It struck me over the weekend that the path to realizing our vision, whether that’s on the computer monitor or on paper for the old school folks, is circular. I’ve been mulling over technical skills and aesthetic choices over the last couple of weeks resulting in the postings last week regarding conversion to black and white and also getting a better understanding of our sense of aesthetics. The final image to me then is a result of combining these with creativity. Simply put:
I often feel that many of the initial photographs in a series are the result of happy accidents, either in the field when I just try something for the sake of it or when I’m back in front of the computer when again I play the game of ‘what happens if I do ….’. Taking that experience and then repeating it in different circumstances and situations then allows me to build that series. Whether it’s playing around with toy camera effects, shooting in black and white, or shooting long exposures all have been informed by what’s gone before. Having a better sense of the possibilities, particularly for post-processing of my images, means that I am ever more aware of possibilities for my photography.
I thought that it would be interesting to share here a pair of exercises that I did recently and one that I have continued with that is intended to help connect you with your story, your voice and your aesthetic.
As I mentioned previously we all see the world in a unique way and as a result we all have a different and interesting story to tell. One of the difficulties is owning that and being true to what you have to say.
Many of us haven’t spent the time to explicitly say – these are the things that attract me, these are the things that repel me, these are the things that I find energizing, these are the things that I find draining, these are the places that I feel most comfortable and in these places I feel uncomfortable. Exercise 1 – go do that! Carry a notebook around with you and make notes about where you are and why you’re responding in a particular way.
If that is the first exercise then the second is to acknowledge what photographers produce work that attracts and which produce work that repels you. Broaden that to include other visual artists, to designers – furniture etc., Then ask the question why they appeal or repel? Finally how is this aesthetic captured in your work.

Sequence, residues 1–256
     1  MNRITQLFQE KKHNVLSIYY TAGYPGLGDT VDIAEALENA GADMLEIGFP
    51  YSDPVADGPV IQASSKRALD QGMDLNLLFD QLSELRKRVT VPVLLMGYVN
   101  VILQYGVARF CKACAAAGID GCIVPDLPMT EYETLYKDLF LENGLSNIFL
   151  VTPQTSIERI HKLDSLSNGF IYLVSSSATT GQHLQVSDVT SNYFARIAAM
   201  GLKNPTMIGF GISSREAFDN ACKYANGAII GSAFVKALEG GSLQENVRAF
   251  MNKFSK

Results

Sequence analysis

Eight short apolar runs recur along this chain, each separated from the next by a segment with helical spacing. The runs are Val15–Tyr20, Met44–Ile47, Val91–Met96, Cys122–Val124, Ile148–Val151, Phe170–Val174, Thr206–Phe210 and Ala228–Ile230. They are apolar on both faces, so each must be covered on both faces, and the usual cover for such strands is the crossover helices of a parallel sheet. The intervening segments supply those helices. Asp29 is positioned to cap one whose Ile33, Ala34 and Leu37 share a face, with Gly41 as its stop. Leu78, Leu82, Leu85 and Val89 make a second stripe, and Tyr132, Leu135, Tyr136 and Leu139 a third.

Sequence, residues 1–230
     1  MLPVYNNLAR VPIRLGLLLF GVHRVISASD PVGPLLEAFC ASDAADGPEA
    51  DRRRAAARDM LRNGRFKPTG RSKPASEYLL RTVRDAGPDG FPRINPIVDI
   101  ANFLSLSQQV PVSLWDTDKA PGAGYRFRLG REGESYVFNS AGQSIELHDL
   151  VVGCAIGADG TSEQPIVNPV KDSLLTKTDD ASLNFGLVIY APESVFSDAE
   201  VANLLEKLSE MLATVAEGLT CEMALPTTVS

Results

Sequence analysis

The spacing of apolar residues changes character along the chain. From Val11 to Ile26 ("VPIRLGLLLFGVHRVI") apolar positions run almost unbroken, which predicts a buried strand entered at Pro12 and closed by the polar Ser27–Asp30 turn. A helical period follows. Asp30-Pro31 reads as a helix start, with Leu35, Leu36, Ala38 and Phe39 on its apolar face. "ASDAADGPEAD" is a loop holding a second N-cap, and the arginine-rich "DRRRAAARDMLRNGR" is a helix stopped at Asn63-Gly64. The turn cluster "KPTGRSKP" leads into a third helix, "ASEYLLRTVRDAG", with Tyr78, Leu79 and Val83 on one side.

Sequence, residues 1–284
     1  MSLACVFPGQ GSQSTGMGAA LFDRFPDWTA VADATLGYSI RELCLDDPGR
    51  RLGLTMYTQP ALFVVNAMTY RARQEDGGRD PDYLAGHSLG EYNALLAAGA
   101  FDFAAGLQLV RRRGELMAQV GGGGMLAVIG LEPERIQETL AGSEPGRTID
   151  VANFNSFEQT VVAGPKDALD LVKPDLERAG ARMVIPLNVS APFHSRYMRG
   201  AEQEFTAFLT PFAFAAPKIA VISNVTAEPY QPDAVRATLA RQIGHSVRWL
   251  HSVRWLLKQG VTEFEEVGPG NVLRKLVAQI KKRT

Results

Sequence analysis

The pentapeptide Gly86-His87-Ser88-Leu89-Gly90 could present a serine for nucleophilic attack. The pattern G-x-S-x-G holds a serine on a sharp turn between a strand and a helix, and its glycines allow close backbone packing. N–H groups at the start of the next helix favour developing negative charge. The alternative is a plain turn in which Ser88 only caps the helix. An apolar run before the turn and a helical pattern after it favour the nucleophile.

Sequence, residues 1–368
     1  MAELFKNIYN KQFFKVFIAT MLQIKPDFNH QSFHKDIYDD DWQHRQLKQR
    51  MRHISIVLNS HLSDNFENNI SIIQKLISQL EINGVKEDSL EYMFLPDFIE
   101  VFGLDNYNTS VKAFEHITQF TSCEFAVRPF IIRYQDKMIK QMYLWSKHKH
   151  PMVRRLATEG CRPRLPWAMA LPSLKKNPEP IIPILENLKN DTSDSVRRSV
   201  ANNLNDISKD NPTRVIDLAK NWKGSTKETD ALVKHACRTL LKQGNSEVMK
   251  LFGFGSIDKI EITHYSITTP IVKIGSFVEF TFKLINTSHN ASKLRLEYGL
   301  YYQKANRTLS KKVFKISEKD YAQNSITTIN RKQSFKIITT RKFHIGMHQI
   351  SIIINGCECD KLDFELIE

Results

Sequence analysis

Taking time to do these relatively simple exercises has helped shape my thinking about what I photograph and why. I suspect it may for you too.
Black & white or color? This is not usually a question for me, I don’t see the world in black and white I see in color. Strong vibrant colors are what capture my attention and are what make getting up for sunrise worthwhile. However, I am increasingly finding that there are times when black and white seems better suited to what’s in front of me. The image above is a great example – it was quite a stormy morning, with impressive light on the horizon. When I took the photo it was with black and white in mind, there was very little color in any case. Which got me wondering, other than the obvious images where there’s little color anyway, how to choose between black and white and color? I could imagine wanting to use black and white when color is not important to the photograph, when it’s a distraction and when you want to emphasize texture.
When would you choose black and white over color? Why?
I recently came across the following quote from Thea Astley:
‘If you write a page a day it adds up to a book in a year’
I like the idea here – steady and consistent progress will get you over the finish line. For photographers what does this mean? I think as it is for writers, doing something every day on your project will mean that eventually you’ll have a real and tangible product.
One of the harder tasks for us as photographers is being able to work on our project everyday, especially when we have the weather to contend with or difficult schedules to work around. I use the ‘Natural Planning Model’ that David Allen describes in his ‘Getting Things Done‘ book to go through and break out all of the tasks that a project involves. The natural planning model involves 5 basic steps:
1. Defining purpose and principles
2. Outcome visioning
5. Identifying next actions
Hear David Allen talk more about this by clicking below:
This allows me to generate an an inventory of everything that I could be doing to move my project along.
Using the book project that I’m working on at the moment as an example – assuming that the shooting will take care of itself, there are still lots of decisions around everything else to be made:
Physical size of the book?
Hardback or Paperback?
How many images?
Thubnails at the end?
Once each of these questions has been answered there is then the obligatory question of ‘What’s the next step?’ Using this approach I have a laundry list of things that I can be doing when I’m not shooting to help help keep the project moving forward and I’m sure that you would too.